Did unconventional monetary policy give the economy some “below zero” properties?

Arsenios Skaperdas, in his job market paper (same link), says yes.  I found this an ingenious method of investigation:

I examine the relationship between monetary policy and growth at the zero lower bound using industry data. I devise a simple inferential test of monetary policy’s industry effects. In the absence of the zero bound, and given previous Federal Reserve behavior, the federal funds rate would have troughed in the range of -2 to -5% since 2009. If unconventional policy failed to bridge this gap, this deficit should represent a very large contractionary monetary shock. I create a measure of historical industry interest rate sensitivity. Estimates from this measure imply that interest rate sensitive industries, such as construction, should have suffered a 4 to 10% decrease in revenues, since 2009, in comparison to insensitive industries. I do not find that this is the case. Furthermore, differences in cross-industry revenue growth rates, ranked by interest rate sensitivity, are similar to those seen in previous US economic recoveries. Finally, I quantify how much the results are due to unconventional monetary policy. I construct an implied stance of monetary policy, equivalent to an unbounded effective federal funds rate, directly from industry growth rates and macro variables. The evidence suggests that unconventional policy lowered the effective stance of policy below zero.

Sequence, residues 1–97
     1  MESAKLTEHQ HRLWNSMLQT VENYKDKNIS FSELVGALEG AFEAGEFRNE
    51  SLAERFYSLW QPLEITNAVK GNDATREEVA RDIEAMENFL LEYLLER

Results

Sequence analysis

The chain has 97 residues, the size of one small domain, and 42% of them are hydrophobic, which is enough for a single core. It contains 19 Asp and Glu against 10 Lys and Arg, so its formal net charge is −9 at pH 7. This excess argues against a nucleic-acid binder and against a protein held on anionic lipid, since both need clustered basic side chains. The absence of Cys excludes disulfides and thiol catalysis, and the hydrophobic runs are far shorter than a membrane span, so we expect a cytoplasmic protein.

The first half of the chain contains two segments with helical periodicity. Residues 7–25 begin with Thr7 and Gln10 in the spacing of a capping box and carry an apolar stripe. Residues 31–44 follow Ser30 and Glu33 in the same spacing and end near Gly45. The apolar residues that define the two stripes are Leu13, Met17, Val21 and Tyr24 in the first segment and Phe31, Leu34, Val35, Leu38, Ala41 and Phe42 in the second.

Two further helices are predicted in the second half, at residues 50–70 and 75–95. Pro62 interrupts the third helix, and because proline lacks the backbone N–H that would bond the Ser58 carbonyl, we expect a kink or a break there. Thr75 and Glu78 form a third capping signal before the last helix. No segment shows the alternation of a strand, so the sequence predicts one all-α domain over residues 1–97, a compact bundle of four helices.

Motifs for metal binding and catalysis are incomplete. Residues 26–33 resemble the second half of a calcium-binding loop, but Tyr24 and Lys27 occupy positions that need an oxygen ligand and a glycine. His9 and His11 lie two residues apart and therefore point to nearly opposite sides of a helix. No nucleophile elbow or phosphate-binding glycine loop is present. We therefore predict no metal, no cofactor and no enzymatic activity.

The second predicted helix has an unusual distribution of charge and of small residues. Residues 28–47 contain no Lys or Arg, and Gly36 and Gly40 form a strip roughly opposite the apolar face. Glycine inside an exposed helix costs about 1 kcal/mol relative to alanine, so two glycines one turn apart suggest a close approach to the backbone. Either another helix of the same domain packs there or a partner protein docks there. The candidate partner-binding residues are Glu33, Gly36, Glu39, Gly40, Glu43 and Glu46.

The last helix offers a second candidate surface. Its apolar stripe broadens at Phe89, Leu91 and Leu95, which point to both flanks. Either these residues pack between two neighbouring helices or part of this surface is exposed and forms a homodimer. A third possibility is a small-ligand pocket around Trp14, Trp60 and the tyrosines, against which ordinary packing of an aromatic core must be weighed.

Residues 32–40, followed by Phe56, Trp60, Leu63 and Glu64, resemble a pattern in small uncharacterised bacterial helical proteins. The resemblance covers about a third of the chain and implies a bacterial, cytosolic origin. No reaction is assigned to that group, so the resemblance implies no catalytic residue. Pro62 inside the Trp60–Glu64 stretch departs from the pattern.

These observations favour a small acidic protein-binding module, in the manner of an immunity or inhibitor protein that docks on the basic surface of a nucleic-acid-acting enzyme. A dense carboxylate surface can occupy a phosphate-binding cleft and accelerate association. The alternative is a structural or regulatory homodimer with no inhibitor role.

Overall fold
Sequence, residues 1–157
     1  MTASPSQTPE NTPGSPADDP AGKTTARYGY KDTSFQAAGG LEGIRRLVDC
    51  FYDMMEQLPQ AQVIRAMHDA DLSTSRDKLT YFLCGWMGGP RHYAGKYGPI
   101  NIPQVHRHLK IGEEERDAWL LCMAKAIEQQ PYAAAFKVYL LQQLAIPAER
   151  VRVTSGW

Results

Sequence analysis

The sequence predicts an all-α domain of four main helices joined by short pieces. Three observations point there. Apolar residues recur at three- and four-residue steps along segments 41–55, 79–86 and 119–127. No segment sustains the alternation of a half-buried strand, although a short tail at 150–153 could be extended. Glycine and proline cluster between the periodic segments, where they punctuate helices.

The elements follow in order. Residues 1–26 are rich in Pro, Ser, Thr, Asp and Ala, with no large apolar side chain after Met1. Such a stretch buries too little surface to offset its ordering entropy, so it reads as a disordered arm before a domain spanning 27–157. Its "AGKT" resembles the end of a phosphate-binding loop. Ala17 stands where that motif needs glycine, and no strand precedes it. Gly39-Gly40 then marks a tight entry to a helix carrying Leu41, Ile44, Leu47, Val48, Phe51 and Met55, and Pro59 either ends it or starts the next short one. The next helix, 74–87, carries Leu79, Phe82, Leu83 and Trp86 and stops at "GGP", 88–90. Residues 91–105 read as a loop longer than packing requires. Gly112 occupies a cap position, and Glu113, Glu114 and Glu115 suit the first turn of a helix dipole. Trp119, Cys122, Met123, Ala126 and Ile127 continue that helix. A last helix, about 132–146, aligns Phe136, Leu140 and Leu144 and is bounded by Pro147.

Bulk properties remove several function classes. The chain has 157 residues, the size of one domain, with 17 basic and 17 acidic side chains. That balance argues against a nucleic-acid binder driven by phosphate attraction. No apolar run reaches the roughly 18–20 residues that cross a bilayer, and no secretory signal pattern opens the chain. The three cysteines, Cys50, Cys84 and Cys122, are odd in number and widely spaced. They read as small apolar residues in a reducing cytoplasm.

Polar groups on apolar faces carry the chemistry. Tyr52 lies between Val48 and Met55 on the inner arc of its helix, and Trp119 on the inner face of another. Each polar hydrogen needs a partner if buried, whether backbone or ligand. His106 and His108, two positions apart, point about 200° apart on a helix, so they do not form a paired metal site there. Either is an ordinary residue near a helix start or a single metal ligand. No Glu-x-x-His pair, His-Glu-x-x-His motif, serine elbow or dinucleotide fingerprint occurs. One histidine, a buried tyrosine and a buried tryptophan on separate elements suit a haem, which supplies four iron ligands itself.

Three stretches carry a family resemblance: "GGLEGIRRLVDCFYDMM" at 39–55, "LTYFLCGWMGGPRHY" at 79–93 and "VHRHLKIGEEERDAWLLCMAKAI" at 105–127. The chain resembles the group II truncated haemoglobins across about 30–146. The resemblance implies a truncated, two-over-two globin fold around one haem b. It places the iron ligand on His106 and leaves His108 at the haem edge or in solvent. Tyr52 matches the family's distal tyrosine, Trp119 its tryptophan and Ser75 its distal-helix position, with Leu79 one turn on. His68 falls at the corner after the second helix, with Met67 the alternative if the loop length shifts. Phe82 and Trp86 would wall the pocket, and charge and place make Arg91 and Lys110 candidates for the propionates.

Skaperdas is from UC Santa Cruz, not always a strong placer in the job market, but I found this one of the more interesting papers of this year, so perhaps some of you should give him a look…


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